Notes: know yourself, fool

My writer husband and I got into a literary conversation a few weeks ago. His position as an educational program coordinator/editor for a small publisher gives him access to several erudite literary journals. A co-worker of his recommended he take home n+1, a hipster-y semi-annual publication of essays. We both read “The Intellectual Situation Against Email,” a humorous jab on human behavior and email relationships in the Winter 2007 issue. At first, we both thought it was great, till my husband started reading Richard Rodriguez’s Days of Obligation:An Argument With My Mexican Father. He read me a few of Rodriguez’s heady, evocative sentences and compared it the writing of n+1. Following are some notes from our ensuing discussion about knowing, presenting yourself, and living as an artist.

n+1 is like something you’d read on a blog, compared to Days of Obligation. Yet the editor of The Elegant Variation is all pissed off at the editor of n+1 for asking him to promote their print publication on his website, then totally slamming blogs in his journal as not being real literature.”

“I took the email piece as amusement. It was well, er, cleverly-written, and I thought a lot of it was good observation. But I wouldn’t go so far to take it as literature. It was mocking, funny.” I said.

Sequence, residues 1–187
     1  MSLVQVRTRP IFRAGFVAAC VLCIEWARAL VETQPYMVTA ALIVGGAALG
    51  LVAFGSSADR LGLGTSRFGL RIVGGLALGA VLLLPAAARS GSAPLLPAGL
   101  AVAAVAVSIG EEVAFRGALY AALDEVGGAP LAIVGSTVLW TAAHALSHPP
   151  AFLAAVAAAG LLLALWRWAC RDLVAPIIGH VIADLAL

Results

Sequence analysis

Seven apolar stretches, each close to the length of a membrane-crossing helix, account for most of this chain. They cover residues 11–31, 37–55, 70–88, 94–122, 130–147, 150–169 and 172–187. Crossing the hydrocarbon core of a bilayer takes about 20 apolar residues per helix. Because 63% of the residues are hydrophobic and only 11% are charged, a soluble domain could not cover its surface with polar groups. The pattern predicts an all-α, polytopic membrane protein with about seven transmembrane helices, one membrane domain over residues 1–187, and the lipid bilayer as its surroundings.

“Yeah, but that kind of writing will not stand the test of time. Not like Richard Rodriguez’s writing.”

“Maybe that’s not the point? I don’t know. It was like reading Misprint. You laugh because it’s so true… at this moment. Yet there is something disturbing about it. This… alienation…”

“Well, yesterday The New Republic came out with this big exposé that David Sedaris is a fake. He made all that stuff up about his childhood and whatnot. But they don’t get it. Non-fiction can be creative.”

I said, “They’re probably just trying to re-establish creditiblity after the whole Glass debacle.”

“I think they just don’t like him because his writing is good and he’s popularly successful. But you know what? It’s all these white guys in their hoity-toity ivory towers. They think they have to be all abstract and ironic and shit for it to be good writing. I don’t buy that. Writing should connect with people, not shut them out.”

“Maybe Sedaris’ was writing about himself up here,” I said, pointing at my head, “Not out here,” I finished, waving my arms about. “He wrote about himself as a character, how he imagined things as a child. We all do that. We all live up here. And maybe the difference with these snobs, hmm… I want to say this right… is that they imagine themselves as characters. OK. But they also live as these characters out here in the real world. They are so caught up in this world that they don’t experience things as real people. They are too busy being these characters who are supposed to do things a certain way.”

“And that’s why their writing doesn’t connect. Can you imagine the writing of n+1 being around in 50 years? Or the writing of Richard Rodriguez? They have to make up this Dave Eggers shit, where the white guy has to go to some foreign land to find himself.” He grimaces. “Jesus, if you’d live your life writing about what you know, you wouldn’t have to invent shit like that. And that’s what I really liked about Joel‘s stuff. He set out to describe life as a ‘suburban American’ as he calls it. That’s awesome. That’s what he knows.”

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